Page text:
Episode from the podcastIssues of the Week with William Morris of the Next Century Foundation

The Winter has come in Kashmir

Released Monday, 18th January 2021
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The Kashmir Valley for decades has thrived of the scores of tourists that travel there every year. However, the past one year due to Coronavirus has severely impact travel to the valley, largely due to travel restrictions and lockdowns but also because of the turmoil in Indian administered Kashmir since Kashmir special status was revoked by the Indian government. Kashmir’s economy is nearing collapse, and it has never been worse. In previous years despite the extra military presence or lockdowns for security measures, tourists still continued travelling to the valley for vacations and contributed to the economy through their spending in local shops and accommodations. However, this year that little saving grace has also vanished through travel bans and the lack of tourism and the consequent revenue for locals. 

To make matters worse, the past few weeks have seen very heavy snowfall in the region. This had to led to closure of many roads and highways as well as air traffic, leading to about 4,500 trucks mainly carrying essential items for the items stuck along the closed highways. Authorities in some parts of Kashmir are already rationing items such as LPG and Petrol, essentials for daily life, and adding to the pressures on Kashmiris coupled with the lockdowns, lack of steady income and security concerns. 

Finally, Jammu and Kashmir held its first elections this past December wherein voters from all over stood in lines to vote despite the harsh winter and the COVID-19 pandemic. This election has been the first since the Indian government revoked Kashmir’s special status under article 370 of the Indian constitution giving its autonomous status and prohibiting citizens from other Indian states from buying property in Kashmir. Many voters were hopeful that this election will the beginning of better systems in Kashmir such as access to better roads, water, elecricity and general development but did not support Prime Minister Narendra Modi’s party, the Bharatiya Janata Party(BJP). The two main contenders of this election were the BJP and the Gupkar Alliance, which is a grouping of regional parties that all held the aim of re-instating article 370. The problem however is, that even is the Gupkar group wins a majority of seats in parliament, they as elected representatives hold no legislative authority, only the task of promoting local development and improve daily life for those in Jammu and Kashmir.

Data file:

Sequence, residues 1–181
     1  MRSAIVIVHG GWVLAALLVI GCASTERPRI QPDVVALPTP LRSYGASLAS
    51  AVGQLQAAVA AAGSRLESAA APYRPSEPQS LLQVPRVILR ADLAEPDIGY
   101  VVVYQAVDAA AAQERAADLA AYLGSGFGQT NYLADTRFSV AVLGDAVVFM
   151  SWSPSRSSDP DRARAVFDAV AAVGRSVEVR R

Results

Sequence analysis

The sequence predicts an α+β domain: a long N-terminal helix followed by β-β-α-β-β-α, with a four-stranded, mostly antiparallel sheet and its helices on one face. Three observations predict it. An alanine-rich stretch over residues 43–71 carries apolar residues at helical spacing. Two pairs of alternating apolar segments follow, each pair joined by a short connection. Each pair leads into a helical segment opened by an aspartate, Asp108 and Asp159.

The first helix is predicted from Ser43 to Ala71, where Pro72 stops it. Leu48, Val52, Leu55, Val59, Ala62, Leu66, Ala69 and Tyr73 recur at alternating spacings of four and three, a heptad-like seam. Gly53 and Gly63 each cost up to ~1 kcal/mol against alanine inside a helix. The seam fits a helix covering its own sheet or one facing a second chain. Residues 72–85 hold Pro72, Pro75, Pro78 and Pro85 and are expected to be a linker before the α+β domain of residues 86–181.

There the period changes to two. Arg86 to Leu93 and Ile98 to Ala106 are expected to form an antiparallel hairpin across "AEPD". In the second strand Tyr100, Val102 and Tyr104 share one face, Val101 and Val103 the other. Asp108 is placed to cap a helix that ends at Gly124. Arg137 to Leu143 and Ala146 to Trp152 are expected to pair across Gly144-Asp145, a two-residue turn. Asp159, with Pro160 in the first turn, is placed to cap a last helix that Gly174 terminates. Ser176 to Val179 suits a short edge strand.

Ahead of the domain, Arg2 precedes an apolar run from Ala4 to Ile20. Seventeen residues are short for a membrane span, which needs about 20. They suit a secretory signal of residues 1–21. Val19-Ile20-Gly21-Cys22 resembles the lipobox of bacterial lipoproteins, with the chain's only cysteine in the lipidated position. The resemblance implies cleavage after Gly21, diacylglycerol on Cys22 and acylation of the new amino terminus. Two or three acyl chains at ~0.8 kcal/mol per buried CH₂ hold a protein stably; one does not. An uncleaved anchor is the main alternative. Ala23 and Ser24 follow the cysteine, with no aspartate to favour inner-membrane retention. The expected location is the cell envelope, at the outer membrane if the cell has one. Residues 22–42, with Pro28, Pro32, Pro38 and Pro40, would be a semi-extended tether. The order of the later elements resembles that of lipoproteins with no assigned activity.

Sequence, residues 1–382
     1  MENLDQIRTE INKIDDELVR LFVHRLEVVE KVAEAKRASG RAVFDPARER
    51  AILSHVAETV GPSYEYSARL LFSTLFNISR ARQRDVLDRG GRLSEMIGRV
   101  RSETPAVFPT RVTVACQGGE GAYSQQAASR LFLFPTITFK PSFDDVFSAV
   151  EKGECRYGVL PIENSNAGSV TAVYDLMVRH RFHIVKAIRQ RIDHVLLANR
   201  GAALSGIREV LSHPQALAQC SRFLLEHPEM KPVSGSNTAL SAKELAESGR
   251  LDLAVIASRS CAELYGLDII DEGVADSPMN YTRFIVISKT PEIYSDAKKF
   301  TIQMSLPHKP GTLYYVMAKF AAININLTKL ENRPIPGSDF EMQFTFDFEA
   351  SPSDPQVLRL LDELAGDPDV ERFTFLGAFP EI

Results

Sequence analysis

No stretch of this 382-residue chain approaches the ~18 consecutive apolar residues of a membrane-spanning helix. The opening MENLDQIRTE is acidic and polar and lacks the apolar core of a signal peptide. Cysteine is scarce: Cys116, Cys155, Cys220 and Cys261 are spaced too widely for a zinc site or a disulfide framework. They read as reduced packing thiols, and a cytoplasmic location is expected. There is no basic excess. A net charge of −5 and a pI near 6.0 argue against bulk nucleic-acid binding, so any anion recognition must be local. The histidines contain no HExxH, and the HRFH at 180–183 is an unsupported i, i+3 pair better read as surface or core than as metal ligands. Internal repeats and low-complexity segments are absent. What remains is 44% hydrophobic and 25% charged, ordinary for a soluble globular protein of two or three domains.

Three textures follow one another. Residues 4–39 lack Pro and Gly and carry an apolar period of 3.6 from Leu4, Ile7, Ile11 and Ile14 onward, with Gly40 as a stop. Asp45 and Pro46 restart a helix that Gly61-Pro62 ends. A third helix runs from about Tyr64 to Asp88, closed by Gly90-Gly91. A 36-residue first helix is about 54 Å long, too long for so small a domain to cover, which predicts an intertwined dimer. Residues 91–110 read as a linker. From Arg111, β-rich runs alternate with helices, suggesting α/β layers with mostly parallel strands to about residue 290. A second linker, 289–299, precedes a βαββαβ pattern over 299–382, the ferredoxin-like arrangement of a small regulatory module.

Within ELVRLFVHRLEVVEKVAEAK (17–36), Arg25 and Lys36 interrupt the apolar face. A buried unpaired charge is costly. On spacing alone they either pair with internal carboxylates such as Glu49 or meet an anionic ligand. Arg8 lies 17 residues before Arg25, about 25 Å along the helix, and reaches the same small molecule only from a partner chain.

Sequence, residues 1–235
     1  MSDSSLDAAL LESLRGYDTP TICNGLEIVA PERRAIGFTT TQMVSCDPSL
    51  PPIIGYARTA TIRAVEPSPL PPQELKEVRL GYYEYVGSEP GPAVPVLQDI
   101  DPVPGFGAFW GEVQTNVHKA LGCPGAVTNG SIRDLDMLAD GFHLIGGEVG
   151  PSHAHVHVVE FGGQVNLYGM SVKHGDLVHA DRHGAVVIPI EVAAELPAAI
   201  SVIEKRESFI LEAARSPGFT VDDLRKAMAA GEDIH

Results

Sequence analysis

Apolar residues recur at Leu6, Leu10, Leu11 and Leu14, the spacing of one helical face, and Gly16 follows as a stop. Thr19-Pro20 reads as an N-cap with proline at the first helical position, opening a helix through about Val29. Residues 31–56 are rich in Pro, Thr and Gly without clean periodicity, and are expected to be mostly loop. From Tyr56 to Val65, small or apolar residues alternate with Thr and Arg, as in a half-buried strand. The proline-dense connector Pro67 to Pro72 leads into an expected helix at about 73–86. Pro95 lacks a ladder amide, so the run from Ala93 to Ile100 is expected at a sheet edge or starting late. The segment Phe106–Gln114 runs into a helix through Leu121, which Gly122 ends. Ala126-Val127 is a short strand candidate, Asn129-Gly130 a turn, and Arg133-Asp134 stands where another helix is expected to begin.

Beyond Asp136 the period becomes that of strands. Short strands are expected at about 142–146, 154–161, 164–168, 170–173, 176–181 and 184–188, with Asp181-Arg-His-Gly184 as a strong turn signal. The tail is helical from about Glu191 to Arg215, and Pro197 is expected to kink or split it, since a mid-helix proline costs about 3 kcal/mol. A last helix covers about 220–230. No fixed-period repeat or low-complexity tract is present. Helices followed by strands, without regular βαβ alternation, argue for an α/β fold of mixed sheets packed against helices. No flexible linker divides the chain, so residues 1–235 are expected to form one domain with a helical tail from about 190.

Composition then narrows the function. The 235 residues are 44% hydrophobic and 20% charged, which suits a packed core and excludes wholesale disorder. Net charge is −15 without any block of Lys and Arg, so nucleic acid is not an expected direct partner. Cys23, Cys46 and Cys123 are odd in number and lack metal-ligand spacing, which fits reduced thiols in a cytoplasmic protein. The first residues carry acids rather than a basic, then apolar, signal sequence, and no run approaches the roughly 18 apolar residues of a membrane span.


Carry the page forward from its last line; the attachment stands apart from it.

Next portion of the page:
The elections as per the Indian Prime Minister “have further strengthened the roots of democracy” as people both young and old in Jammu and Kashmir waited for hours to cast their vote. Of a total of 280 seats across Jammu(a hindu majority) and Kashmir(a muslim majority), the BJP won over 70 seats mainly in Jammu and 3 seats(for the first time ever) in Kashmir. Whereas the Gupkar alliance, won more than 110 seats, 70 of those being in Kashmir. However although the BJP claimed this voting process was a victory for democracy, there were opponents who claimed that the BJP had illegally detained them and barred them from canvassing- charged the BJP denied.

An additional fear of militants and violence has often also kept voters at home. This year, the overall turn out was 51%, and in Kashmir alone, 34% of those eligible to vote did so, which is double the amount seen last year in the parliamentary elections.  

Unfortunately, despite the hopes of many Kashmiris, the chances of the Indian government re-instating article 370 are slim. However what they can hope for from these elections is that their elected representatives will work hard to bring development and progress to Jammu and Kashmir. 

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